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A COMT gene haplotype associated with methamphetamine abuse

Research output: Contribution to journalArticle

Sarah K. Jugurnauth, Chih-Ken Chen, Michael R. Barnes, Tao Li, Shih-Ku Lin, Hsing-Cheng Liu, David A. Collier, Gerome Breen

Original languageEnglish
Pages (from-to)731-740
Number of pages10
Issue number11
Publication statusPublished - Nov 2011

King's Authors


Introduction: Methamphetamine (MAMP) use is highly associated with psychiatric disorders with 12–13% of MAMP-dependent patients experiencing psychotic symptoms. Substance abuse and dependence may primarily involve the mesolimbic pathway and dopaminergic brain structures. It follows that dopaminergic genes, particularly COMT (encoding catechol-O-methyltransferase) and its val158met polymorphism (rs4680), are natural candidates for susceptibility loci to addiction. We have previously found an association with rs4680 and MAMP addiction.

Methods: We present additional genotyping of rs165599 in 423 cases and 502 controls of a Taiwanese MAMP user sample. We carried out an in-silico evaluation of rs165599 for a possible impact on microRNA binding or UTR stability. We also carried out a review of transcript sequences across the COMT 3'UTR.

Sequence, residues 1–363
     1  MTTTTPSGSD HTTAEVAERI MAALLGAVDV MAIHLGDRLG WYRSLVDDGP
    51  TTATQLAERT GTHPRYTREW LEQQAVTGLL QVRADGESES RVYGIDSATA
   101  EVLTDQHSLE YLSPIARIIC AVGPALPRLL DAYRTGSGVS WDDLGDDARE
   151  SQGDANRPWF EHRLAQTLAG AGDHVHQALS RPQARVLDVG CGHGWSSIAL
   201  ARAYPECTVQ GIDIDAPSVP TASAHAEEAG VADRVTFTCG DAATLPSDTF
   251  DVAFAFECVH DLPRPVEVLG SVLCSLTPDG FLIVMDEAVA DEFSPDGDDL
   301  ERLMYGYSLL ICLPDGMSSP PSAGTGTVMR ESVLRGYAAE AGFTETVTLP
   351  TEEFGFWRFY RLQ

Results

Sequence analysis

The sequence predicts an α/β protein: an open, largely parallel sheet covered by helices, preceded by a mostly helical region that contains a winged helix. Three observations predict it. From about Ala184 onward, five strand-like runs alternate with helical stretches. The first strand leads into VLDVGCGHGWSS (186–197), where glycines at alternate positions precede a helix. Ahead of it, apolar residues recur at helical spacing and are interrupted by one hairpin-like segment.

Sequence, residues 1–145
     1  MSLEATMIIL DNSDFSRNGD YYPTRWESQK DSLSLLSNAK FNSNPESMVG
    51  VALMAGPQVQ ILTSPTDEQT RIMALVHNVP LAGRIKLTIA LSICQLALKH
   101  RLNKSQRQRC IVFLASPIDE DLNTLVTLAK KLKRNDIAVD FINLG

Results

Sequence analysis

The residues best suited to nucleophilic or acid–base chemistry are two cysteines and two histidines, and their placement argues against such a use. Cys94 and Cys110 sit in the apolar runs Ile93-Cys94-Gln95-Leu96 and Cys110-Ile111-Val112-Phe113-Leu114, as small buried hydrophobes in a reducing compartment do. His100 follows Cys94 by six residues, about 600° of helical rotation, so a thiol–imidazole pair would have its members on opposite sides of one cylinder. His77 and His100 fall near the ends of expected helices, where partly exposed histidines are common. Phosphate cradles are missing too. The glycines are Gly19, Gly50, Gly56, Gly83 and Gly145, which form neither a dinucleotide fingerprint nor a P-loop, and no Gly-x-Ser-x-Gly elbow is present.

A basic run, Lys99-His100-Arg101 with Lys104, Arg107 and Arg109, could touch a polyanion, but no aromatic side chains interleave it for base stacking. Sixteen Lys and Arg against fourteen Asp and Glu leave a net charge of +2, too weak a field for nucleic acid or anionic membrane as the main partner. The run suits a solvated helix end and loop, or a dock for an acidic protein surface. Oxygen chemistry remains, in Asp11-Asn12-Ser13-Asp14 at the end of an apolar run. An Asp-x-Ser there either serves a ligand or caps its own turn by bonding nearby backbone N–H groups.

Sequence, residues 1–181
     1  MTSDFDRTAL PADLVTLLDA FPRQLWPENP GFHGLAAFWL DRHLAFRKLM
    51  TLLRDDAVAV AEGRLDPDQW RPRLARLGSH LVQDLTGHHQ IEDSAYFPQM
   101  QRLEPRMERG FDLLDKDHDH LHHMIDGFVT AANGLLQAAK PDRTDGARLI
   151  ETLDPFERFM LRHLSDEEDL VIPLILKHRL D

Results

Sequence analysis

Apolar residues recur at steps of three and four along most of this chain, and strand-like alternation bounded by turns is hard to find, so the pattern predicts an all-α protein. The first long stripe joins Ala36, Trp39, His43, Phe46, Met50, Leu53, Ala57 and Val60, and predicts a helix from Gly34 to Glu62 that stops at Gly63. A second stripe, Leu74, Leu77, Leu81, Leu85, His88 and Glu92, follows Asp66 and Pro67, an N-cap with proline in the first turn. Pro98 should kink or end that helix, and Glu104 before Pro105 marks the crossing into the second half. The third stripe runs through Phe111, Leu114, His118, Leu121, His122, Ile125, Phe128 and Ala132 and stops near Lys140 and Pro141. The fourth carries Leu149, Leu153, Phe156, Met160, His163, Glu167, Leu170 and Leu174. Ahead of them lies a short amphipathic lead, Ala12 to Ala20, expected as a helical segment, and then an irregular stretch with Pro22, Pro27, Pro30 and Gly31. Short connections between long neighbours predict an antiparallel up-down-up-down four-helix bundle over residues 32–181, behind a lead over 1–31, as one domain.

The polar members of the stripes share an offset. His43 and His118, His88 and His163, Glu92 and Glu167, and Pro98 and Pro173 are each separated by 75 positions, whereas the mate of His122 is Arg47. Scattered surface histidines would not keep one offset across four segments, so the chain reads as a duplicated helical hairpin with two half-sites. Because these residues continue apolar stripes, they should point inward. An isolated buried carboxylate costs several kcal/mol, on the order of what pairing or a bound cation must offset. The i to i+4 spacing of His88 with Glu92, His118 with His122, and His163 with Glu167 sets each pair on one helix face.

Results: Genotype counts were (cases/controls): AA 94/110, AG 198/210 and GG 93/109. There were no significant allele or genotype differences between cases and controls for rs165599. However, a haplotype main effect was detected using both rs4680 and rs165599 using the [chi]2-test in UNPHASED. The global P-value was P=0.0044 with the effect appearing to derive from one haplotype that is underrepresented in cases: A/G for rs4680/rs165599 (haplotype P=0.001). rs165599 is a single nucleotide polymorphism located in the COMT 3' untranslated region (UTR), a noncoding transcript region subject to posttranscriptional down-regulation by mechanisms such as microRNA binding. A review of transcript sequences across the COMT 3'UTR found evidence to suggest antisense interference of COMT from the 3'UTR of the neighbouring ‘Armadillo repeat gene deleted in velocardiofacial syndrome’ gene.

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